Other road preservation methods can cost seven to ten times more than a seal coat.
What’s the Problem?
To extend the life of a road, water penetration must be controlled. Seal coats excel in keeping water from reaching the roadway base and have been a cost-effective method of roadway rehabilitation for the Texas Department of Transportation (TxDOT) for many years. Some motorists and homeowners have questioned the effectiveness of the procedure due to the perceived loudness of the finished surface. They believe it is a cheap, ineffective maintenance technique instead of a proper surface repair. Bicyclists complain about the difficulty of riding on shoulders with seal coat applications.
What’s the Solution?
Texas A&M Transportation Institute (TTI) pavement researchers measured seal coat noise levels from multiple locations in Texas. Additional noise level testing was conducted on specially constructed test sections. Researchers also looked at the longevity of different seal coat applications.
Although researchers determined that seal coats tend to be noisier than other types of pavement, in many cases the difference in noise level is so small that the human ear can’t tell the difference. Some concrete pavements, for example, measured just as loud as a seal coat. In most cases, smaller aggregate makes for a quieter seal coat surface. Smaller aggregate also makes bike riding on shoulders easier. Many TxDOT districts are now placing smaller aggregate on shoulders while larger, more durable aggregate is being placed in main travel lanes.
Seal coat longevity depends on many factors. The condition of the road prior to seal coating has a great deal to do with durability. Higher traffic counts shorten the life of seal coats. Climate plays a role, too, with cooler temperatures extending seal coat life. Researchers developed a set of guidelines to assist TxDOT districts with best practices in seal coating.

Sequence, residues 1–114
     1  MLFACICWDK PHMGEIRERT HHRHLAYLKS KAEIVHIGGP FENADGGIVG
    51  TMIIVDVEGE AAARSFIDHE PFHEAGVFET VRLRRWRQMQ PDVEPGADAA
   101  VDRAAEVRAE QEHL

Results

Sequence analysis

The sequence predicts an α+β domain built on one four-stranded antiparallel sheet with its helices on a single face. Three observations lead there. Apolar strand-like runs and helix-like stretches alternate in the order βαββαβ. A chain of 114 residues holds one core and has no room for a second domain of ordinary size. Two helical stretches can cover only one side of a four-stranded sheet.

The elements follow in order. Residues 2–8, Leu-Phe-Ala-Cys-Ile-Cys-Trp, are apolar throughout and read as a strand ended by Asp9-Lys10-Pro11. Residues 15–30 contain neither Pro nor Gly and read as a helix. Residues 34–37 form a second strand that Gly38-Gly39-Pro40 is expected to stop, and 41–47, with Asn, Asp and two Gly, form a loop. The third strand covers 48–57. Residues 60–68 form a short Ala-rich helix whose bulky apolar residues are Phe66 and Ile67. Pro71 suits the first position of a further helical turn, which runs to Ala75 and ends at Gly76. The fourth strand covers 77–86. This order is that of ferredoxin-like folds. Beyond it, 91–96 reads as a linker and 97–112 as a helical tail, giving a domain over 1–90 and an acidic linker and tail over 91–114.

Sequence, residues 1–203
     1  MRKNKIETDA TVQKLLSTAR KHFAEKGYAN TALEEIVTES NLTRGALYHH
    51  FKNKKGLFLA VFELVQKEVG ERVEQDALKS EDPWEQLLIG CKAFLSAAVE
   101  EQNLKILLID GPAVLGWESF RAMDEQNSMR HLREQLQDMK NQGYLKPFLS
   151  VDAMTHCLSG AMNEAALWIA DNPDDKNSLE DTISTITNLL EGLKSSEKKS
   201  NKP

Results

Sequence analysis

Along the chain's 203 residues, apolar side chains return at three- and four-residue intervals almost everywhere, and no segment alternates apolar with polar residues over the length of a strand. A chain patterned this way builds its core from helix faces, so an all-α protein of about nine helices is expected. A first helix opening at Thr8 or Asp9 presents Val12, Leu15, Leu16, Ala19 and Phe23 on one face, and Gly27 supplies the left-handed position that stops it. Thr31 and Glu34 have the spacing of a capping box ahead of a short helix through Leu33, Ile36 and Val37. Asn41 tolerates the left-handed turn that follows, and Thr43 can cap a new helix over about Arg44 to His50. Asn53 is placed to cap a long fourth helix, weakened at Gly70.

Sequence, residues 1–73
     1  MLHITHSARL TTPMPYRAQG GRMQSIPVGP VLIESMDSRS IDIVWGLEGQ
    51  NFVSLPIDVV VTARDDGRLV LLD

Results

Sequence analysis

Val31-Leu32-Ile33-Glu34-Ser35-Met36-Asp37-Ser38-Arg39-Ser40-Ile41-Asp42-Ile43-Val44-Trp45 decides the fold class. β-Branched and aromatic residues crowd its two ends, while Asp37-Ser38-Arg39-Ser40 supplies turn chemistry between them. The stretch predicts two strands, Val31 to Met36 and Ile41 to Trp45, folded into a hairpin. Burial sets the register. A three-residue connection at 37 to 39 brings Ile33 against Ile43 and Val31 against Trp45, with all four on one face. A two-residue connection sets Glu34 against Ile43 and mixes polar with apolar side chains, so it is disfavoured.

Texas has more miles of non-city roadways than any other state. Given limited resources and personnel at TxDOT, these roads must be maintained in the most cost-effective manner possible. John Bohuslav, director of maintenance for TxDOT’s San Antonio District, notes that 10,000 miles of roads cross the San Antonio District alone. Other road preservation methods can cost seven to ten times more than a seal coat.
“A road that needs a seal coat may look fine to the average driver, because they don’t get out and look at the surface. Because of the number of miles of road TxDOT must maintain, the agency can’t afford to use costlier methods. When dealing with low-traffic roads, a seal coat is the best choice,” Bohuslav says.
The results of this project validate TxDOT’s use of seal coats and provide guidelines regarding aggregate choice. Using these guidelines can help TxDOT maintain roads effectively while, at the same time, using resources and personnel most efficiently for the state as a whole.
Project TitleQuantifying the Effects in Order to Optimize the Use of Grade 3 and Grade 4 Seal Coats
Texas Department of Transportation
Project Termination Date
For More Information
Cindy K. Estakhri, P.E.Research Engineer
Recyclable Materials – Dwight Look Engineering Building, Room 310E
Texas A&M Transportation Institute
The Texas A&M University System
College Station, TX 77843-3135
Ph. (979) 845-9551